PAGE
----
could join with the 'Yankee' to oppress and crush the
South; but had he been a lawyer in a Northern or North-
western State, he might have been equally surprised if
anyone had accused him of turning his military knowledge
to the same purpose. His countrymen throughout the
Northern States were proud of his splendid reputation;
while in the South it was not considered second to that of
the very greatest of its commanders. And when he died
— struck by a storm of bullets, as the fore feet of his horse
were planted on the Federal ramparts — a wail of sorrow
and a shudder of despair passed through the land. A
tower of strength had fallen. The dauntless soldier sleeps
in peace in the cemetery whose solemn beauty elicited
the strange remark, as he gazed on it a few days before he
gloriously fell, "It is almost worth dying to rest in so sweet
a spot."

I heard the heroic Irishman thus spoken of by two brave
men — General Buckner and General Hood — who had been
with him in many a memorable fight, and many a bril-
liant victory. Referring to his name, the first-named
general said : —

And particularly did I recall the virtues of the Irish character,
when a few short months ago, I stood, in the twilight hour, over
the grave of one of the noblest sons of Ireland. As I looked upon
the plain board inscribed with his name in pencil lines, and upon the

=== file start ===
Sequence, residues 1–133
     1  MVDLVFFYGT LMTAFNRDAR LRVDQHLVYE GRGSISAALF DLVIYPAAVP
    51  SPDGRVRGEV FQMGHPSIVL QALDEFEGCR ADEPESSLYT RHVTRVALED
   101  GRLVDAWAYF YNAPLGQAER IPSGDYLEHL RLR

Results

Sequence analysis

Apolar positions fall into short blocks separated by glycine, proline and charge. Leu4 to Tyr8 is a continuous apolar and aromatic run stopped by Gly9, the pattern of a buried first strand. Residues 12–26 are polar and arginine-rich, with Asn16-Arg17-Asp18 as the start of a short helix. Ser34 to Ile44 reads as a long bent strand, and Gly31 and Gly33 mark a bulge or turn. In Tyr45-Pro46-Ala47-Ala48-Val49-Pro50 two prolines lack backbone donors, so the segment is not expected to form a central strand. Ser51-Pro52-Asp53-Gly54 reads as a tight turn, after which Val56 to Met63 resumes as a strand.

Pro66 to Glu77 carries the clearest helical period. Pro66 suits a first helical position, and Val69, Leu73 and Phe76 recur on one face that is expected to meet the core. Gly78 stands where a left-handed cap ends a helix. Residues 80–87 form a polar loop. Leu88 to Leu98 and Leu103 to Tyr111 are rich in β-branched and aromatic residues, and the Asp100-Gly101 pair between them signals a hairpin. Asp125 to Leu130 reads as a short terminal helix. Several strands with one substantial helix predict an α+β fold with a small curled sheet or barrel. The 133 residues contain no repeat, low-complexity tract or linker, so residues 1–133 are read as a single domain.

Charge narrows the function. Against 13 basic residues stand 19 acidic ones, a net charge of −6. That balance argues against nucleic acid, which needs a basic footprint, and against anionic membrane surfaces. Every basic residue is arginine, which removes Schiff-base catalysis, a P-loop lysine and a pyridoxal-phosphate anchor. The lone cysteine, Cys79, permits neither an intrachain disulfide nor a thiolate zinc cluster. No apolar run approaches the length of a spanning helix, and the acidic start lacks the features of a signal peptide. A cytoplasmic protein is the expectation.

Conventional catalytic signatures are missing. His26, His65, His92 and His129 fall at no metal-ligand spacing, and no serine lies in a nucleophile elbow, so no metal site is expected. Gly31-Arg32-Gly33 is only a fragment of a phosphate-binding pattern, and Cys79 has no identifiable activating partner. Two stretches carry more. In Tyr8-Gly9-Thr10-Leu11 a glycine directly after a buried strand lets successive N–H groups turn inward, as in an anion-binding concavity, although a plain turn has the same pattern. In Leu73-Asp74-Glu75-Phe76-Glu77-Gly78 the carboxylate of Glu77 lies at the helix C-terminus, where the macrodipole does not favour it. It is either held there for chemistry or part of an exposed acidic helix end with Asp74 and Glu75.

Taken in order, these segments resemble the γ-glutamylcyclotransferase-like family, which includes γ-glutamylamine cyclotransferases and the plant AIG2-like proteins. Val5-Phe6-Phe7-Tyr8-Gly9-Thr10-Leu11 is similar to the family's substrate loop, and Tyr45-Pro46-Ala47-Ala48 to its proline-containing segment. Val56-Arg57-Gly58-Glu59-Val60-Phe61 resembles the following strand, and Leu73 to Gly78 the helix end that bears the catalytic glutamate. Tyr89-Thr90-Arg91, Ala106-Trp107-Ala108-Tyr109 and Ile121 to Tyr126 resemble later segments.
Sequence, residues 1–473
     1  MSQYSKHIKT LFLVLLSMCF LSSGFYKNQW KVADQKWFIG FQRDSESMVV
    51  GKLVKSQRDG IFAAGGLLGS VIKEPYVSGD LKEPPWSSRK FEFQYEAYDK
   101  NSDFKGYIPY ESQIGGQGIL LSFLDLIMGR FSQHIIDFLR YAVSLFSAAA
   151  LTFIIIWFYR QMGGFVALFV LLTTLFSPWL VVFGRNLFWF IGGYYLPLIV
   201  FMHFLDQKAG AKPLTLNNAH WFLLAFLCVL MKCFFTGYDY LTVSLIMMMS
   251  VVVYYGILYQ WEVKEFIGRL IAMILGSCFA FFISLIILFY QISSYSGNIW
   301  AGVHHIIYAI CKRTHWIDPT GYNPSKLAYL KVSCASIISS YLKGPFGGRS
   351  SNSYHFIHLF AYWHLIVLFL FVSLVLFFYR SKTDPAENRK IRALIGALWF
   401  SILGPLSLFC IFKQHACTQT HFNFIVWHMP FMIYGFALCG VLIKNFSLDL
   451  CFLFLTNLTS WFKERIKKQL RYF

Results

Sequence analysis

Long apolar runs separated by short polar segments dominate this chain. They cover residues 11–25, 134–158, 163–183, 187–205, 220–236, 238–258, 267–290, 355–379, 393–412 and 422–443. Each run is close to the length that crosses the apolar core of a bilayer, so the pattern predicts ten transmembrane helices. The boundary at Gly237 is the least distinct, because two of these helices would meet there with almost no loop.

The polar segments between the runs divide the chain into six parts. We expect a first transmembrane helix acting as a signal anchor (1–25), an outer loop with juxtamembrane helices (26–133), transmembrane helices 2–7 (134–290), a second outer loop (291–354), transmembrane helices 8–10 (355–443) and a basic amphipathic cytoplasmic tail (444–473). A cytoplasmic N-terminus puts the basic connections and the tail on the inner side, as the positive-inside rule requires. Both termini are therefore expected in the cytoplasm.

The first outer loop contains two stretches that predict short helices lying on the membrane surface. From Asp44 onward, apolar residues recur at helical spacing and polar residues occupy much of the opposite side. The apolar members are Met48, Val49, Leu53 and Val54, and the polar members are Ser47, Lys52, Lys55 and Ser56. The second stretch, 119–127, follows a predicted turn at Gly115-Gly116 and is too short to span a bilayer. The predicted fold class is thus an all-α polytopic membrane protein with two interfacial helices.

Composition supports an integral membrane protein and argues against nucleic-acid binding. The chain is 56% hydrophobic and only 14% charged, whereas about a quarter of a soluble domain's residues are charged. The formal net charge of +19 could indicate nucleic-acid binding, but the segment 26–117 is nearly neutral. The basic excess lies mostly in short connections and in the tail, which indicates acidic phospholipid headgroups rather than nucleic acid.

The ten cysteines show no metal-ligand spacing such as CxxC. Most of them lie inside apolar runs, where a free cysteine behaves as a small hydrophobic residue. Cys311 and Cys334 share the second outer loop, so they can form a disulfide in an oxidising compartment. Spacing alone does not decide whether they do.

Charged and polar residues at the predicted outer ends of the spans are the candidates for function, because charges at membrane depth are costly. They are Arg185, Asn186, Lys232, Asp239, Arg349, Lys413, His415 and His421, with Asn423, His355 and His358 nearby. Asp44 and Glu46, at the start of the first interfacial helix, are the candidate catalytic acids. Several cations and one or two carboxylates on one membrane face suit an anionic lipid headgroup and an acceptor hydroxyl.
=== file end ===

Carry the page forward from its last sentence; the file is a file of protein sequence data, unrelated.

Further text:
withered flowers which the fair hands of some of our countrywomen
had strewn upon his grave, I wept silent tears to the glorious memory
of General Patrick Cleburne. He commanded a brigade in my division,
and afterwards succeeded me in the command of troops whom I cannot
more highly praise than to say he was one uf the few who was worthy
to command such men. And conspicuous amongst such gallant men,
and worthy soldiers of such a glorious leader, were Irishmen, who illus-
trated their high military virtues on so many fields, and displayed
on so many occasions their fidelity to the cause they had espoused.

And thus spoke General Hood, who bears in many a
scar and wound eloquent testimonies to his desperate but
unavailing gallantry: —

During the late war it was my fortune to have in my command
organisations composed of your countrymen, and it gives me pleasure
to assert that they were always at their post. And among these brave
men was to be found the gallant Cleburne. His name carries me to
the heights near Franklin. And his last remarks, just before moving
forward, I shall ever remember. He said : 'General, I have my division
in two lines, and at ready. General, I am more hopeful of the success
of our cause than I have ever been since the war commenced.' Within
twenty-five minutes this brave soldier was no more. Within an hour
an army was in mourning over the great loss. Thus ended the career
of this distinguished man — hopeful even at the last hour, but doomed
to disappointment as all other men.